Steve Omohundro on Singularity 1 on 1: It’s Time To Envision Who We Are And Where We Want To Go

Steve OmohundroSteve Omohundro is a scientist, professor, author, and entrepreneur who has a Ph.D. in physics but has spent decades studying intelligent systems and artificial intelligence. His research into the basic “AI Drives” was featured in James Barrat’s recent book Our Final Invention and has been generating international interest. And so I was very happy to get Dr. Omohundro on my Singularity 1 on 1 podcast.

During our 1 hour conversation we cover a variety of interesting topics such as: his personal path starting with a PhD in physics and ending into AI; his unique time with Richard Feynman; the goals, motivation and vision behind is work; Omai Ventures and Self Aware Systems; the definition of AI; Rational Decision Making and the Turing Test; provably safe mathematical systems and AI scaffolding; hard vs soft singularity take-offs…

(You can listen to/download the audio file above or watch the video interview in full. If you want to help me produce more high-quality episodes like this one please make a donation!)

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Who is Steve Omohundro?

Steve Omohundro has been a scientist, professor, author, software architect, and entrepreneur doing research that explores the interface between mind and matter.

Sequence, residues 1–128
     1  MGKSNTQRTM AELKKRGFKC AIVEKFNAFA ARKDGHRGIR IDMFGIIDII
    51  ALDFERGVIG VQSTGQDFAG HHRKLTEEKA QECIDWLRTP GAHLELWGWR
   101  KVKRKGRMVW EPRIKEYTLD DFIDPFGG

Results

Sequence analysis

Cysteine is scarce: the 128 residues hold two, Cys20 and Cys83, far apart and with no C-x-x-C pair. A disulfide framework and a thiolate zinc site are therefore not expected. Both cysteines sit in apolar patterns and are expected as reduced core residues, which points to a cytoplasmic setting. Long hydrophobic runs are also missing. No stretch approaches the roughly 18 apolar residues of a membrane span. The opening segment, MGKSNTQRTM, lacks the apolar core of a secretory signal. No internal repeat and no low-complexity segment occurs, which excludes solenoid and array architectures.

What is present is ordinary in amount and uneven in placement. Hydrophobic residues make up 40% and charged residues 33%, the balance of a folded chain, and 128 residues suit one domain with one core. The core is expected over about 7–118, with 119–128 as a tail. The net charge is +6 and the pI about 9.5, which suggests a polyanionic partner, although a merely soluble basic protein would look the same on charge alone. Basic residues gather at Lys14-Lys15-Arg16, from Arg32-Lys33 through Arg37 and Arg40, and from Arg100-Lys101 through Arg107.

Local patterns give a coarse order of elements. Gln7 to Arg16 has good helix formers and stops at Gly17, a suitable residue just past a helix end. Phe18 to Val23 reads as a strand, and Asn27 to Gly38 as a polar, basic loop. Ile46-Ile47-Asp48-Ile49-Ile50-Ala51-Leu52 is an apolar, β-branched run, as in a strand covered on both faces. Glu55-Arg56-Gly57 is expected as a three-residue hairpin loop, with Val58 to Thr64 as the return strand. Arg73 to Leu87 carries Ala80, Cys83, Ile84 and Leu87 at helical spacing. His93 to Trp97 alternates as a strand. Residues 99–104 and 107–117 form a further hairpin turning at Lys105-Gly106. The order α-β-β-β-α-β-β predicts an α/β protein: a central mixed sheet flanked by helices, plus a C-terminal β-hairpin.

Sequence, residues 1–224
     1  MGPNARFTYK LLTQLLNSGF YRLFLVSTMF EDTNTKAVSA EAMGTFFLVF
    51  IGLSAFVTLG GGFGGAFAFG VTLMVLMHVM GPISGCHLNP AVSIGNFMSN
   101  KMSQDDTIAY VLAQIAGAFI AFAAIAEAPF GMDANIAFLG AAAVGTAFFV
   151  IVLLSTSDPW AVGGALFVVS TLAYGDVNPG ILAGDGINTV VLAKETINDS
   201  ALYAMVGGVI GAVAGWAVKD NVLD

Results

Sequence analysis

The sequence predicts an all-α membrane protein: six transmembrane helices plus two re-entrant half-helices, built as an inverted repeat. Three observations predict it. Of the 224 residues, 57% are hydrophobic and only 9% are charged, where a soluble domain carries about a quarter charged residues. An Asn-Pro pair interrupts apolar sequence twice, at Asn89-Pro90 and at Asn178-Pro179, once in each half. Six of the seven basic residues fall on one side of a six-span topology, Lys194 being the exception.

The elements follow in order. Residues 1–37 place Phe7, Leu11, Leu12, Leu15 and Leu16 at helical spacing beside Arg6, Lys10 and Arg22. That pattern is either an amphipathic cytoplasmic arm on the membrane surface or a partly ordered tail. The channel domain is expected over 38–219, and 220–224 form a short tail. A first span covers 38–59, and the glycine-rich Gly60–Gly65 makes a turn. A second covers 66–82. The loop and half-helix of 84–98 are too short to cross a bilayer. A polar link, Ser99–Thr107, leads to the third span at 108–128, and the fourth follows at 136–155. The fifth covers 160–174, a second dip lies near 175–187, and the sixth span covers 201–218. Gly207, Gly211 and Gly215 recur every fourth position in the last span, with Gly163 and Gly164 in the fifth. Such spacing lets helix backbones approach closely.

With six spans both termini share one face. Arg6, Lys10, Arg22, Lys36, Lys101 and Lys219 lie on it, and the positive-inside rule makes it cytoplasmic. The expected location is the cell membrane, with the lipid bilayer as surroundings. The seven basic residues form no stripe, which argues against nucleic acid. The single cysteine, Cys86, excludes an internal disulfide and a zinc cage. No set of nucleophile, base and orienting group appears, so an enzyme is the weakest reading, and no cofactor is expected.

He has degrees in Physics and Mathematics from Stanford and a Ph.D. in Physics from U.C. Berkeley. Dr. Omohundro was a computer science professor at the University of Illinois at Champaign-Urbana and co-founded the Center for Complex Systems Research.

He published the book Geometric Perturbation Theory In Physics, designed the programming languages StarLisp and Sather, wrote the 3D graphics system for Mathematica, and built systems which learn to read lips, control robots, and induce grammars.

Steve has worked with many research labs and startup companies. He is the president of Self-Aware Systems, a Palo Alto think tank working to ensure that intelligent technologies have a positive impact on humanity. His research into the basic “AI Drives” was featured in James Barrat’s recent book Our Final Invention: Artificial Intelligence and the End of the Human Era and has been generating international interest.

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  • polybiblios

    Regarding the mention about what both Chomsky and Minsky believe about AI, it’s well known that both of those guys come from the same school of thought. Other groups have a completely different take. Have a look at this comment that Yann Lecun posted to this Google+ page following a critical article by Gary Marcus about deep learning:


    My dear NYU colleague +Gary Marcus wrote a critical response to +John Markoff’s front-page article on deep learning in the New York Times.

    Gary is a professor in the psychology department at NYU and the author of a number of books, including a very nice little book entitled “Kluge: the haphazard construction of the human mind” in which he argues (very convincingly) that the brain is a collection or hacks (which were called kluges, back when cool things were mechanical and not software), the result of haphazard refinement through evolution.

    Gary has been a long-time critic of non-symbolic (or sub-symbolic) approaches to AI, such as neural nets and connectionist models. He comes from the Chomsky/Fodor/Minsky/Pinker school of thought on the nature of intelligence whose main tenet is that the mind is a collection of pre-wired modules, that are largely determined by genetics. This is meant to contrast the working hypothesis on which us, deep learning people, are basing our research: the cortex runs a somewhat “generic” and task-independent learning “algorithm” that will capture the structure of whatever signal it is fed with.